A powerful winter storm is expected to continue delivering heavy snow to upstate New York and other parts of the Northeast on Thursday, bringing dangerous road conditions at least through the end of the week.
Several inches of snow have already fallen in parts of New York and several feet of snow is still in the forecast for the metro areas of Buffalo and Watertown, New York, and northwest Pennsylvania Thursday and Friday, according to the National Weather Service. Snowfall rates in some spots may reach up to 3 inches per hour, with snow piling up to 4 feet in some local areas.
“Visibility will drop to near zero at times and roadways will be covered with snow making travel hazardous to nearly impossible,” the National Weather Service warned.
To bolster response to the multi-day storm, the New York governor plans to issue a state of emergency Thursday morning.
“My team and I are deploying emergency response assets ahead of the storm, remain in constant contact with local officials, and are laser focused on the forecast. New Yorkers should remain vigilant ahead of the storm and avoid any unnecessary travel during these hazardous conditions,” Gov. Kathy Hochul said in a news release.
In anticipation of the looming miserable commute conditions, commercial traffic will be banned on about 130 miles of the New York State Thruway (I-90) in the Rochester and Buffalo area to the Pennsylvania border starting at 4 p.m. Thursday, according to the news release from the governor’s office.
“Do not underestimate this storm,” said Jackie Bray, commissioner for New York state’s Division of Homeland Security and Emergency Services. “We should all check on our neighbors, particularly vulnerable neighbors, to help them prepare for winter weather in the forecast.”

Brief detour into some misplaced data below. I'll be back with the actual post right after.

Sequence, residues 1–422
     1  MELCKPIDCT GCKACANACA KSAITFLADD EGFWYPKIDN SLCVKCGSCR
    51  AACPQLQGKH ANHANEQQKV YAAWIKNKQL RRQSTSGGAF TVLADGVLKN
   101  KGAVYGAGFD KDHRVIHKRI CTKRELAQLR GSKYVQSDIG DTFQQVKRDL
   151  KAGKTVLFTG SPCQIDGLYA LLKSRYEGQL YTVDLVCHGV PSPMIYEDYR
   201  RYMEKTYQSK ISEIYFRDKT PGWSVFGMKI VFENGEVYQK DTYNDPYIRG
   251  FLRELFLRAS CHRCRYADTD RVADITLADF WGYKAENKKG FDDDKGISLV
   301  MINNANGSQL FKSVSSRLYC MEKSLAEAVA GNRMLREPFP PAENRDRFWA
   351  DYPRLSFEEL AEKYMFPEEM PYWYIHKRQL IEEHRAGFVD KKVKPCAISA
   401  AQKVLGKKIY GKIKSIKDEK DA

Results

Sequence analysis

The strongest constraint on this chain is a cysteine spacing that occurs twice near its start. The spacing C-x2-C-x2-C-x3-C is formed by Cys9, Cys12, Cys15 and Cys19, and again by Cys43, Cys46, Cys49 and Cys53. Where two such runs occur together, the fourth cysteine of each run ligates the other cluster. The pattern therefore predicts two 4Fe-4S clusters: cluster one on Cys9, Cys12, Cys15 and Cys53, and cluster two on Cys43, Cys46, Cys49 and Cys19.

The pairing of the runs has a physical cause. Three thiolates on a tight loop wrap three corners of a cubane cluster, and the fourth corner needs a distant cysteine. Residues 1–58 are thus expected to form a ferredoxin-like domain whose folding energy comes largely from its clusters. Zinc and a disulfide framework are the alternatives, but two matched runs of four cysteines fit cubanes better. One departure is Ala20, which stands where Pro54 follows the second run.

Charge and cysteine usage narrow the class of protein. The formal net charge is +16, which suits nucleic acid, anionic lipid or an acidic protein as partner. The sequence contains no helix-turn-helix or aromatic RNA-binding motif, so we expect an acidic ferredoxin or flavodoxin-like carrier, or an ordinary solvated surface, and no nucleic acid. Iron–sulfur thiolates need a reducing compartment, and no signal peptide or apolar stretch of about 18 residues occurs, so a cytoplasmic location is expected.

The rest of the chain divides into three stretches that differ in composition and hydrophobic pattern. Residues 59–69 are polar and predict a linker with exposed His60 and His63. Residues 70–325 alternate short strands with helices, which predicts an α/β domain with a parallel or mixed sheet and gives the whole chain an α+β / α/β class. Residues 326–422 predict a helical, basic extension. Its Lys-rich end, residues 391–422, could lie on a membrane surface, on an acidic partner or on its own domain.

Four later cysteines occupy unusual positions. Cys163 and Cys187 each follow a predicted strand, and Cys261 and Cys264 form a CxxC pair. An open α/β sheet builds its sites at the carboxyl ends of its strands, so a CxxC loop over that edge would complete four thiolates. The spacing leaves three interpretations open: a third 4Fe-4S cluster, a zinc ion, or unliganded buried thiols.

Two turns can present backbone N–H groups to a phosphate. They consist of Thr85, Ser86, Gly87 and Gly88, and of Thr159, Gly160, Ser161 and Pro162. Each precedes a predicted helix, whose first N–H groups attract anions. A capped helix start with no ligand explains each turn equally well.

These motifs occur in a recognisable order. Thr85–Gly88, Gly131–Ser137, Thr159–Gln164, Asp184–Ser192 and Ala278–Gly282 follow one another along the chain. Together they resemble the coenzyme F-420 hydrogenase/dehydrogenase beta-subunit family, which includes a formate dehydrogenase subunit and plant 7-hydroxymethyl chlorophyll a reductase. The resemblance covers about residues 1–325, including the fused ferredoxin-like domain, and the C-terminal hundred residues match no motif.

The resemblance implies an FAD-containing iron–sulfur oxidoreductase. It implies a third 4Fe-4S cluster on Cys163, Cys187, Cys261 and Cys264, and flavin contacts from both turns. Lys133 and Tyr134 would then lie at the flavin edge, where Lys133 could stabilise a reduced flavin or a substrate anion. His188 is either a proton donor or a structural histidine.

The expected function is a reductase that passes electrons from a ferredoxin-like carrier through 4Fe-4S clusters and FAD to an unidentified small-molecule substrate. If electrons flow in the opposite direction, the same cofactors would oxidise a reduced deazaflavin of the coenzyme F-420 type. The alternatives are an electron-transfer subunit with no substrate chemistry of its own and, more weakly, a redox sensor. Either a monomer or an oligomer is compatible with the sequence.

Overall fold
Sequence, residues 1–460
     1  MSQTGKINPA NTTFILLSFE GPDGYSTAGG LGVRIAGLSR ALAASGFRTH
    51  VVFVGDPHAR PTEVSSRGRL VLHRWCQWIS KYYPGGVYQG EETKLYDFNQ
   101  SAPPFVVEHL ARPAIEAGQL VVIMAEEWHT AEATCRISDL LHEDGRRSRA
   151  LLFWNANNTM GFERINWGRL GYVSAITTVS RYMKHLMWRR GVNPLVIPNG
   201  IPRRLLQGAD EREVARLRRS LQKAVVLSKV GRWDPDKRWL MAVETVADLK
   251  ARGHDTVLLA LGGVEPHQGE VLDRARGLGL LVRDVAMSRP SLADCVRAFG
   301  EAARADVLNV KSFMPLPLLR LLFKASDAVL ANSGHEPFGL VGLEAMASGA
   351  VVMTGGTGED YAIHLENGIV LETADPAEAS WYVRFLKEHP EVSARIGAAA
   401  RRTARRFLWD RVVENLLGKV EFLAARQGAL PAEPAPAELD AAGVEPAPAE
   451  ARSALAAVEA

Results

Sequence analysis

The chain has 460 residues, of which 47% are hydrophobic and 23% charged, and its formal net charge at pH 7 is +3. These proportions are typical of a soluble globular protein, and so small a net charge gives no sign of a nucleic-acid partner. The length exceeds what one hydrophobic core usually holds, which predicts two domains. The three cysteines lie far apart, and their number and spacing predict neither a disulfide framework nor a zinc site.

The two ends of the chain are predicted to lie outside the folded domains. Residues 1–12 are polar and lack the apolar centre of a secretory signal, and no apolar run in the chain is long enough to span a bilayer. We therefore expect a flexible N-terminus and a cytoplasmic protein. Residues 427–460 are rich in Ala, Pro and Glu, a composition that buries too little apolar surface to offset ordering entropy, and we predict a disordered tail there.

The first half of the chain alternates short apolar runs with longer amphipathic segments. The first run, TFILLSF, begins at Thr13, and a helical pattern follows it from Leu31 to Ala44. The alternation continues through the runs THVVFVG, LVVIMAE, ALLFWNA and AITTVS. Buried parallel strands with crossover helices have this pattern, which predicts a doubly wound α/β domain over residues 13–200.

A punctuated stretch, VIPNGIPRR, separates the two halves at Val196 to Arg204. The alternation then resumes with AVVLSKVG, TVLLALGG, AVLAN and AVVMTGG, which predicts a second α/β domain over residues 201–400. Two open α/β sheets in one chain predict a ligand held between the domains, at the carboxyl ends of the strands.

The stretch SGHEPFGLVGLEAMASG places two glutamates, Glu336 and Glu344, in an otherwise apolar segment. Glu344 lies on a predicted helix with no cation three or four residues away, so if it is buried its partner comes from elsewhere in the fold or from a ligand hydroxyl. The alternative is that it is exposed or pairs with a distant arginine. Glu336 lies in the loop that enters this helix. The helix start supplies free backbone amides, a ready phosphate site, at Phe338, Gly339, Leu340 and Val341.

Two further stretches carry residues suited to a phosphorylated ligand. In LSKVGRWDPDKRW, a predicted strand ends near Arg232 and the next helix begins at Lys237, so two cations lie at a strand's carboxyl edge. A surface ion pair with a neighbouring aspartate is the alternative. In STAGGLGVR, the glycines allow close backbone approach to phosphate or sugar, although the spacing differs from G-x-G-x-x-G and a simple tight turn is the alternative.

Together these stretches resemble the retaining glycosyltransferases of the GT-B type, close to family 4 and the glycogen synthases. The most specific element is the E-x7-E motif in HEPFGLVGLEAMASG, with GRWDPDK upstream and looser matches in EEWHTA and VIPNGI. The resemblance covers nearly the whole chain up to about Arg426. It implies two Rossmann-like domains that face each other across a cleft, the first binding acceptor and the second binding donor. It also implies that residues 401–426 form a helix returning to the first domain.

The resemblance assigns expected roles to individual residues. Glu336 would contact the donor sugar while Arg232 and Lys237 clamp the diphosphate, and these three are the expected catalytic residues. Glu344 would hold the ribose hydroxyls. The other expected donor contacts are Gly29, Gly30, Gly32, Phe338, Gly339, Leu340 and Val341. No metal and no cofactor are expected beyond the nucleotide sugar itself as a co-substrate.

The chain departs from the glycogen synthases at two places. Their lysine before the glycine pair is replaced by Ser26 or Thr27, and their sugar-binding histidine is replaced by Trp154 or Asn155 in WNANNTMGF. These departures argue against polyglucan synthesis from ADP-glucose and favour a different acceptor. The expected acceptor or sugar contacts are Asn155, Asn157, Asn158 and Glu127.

As of Wednesday night, more than 8 inches of snow had already fallen in parts of the upstate New York town of Colden, which is about 25 miles southeast of Buffalo, according to the weather service. 10 inches of snow had blanketed parts of nearby South Wales, the weather service reported late Wednesday night. Other areas in the state saw up to 5 inches of snow as of Wednesday.
The heaviest snow is expected to begin Thursday evening and last through Friday, with some periods of heavy snow over the weekend, according to the weather service. Areas downwind of lakes Erie and Ontario are in path to see the brunt of snowfall, which may be joined by thunder and lightning.
“This is going to be a very long lasting and major lake-effect snow event east of Lake Eerie and Lake Ontario,” National Weather Service meteorologist Jon Hitchcock told CNN.
“This event will have the very real potential to produce a paralyzing snowfall that could be measured in feet for the Buffalo and Watertown metro areas,” the Buffalo weather service said.
A lake-effect snow warning is in effect through the region, where 2 to 3 feet of snow accumulation is expected with the potential for up to 4 feet of snow.
Lake-effect snowstorms usually occur in areas surrounding a body of water that is relatively warmer than the surrounding areas. They typically bring heavy snowfall in narrow bands, making it somewhat challenging to forecast exact impact locations and amounts of snow to expect.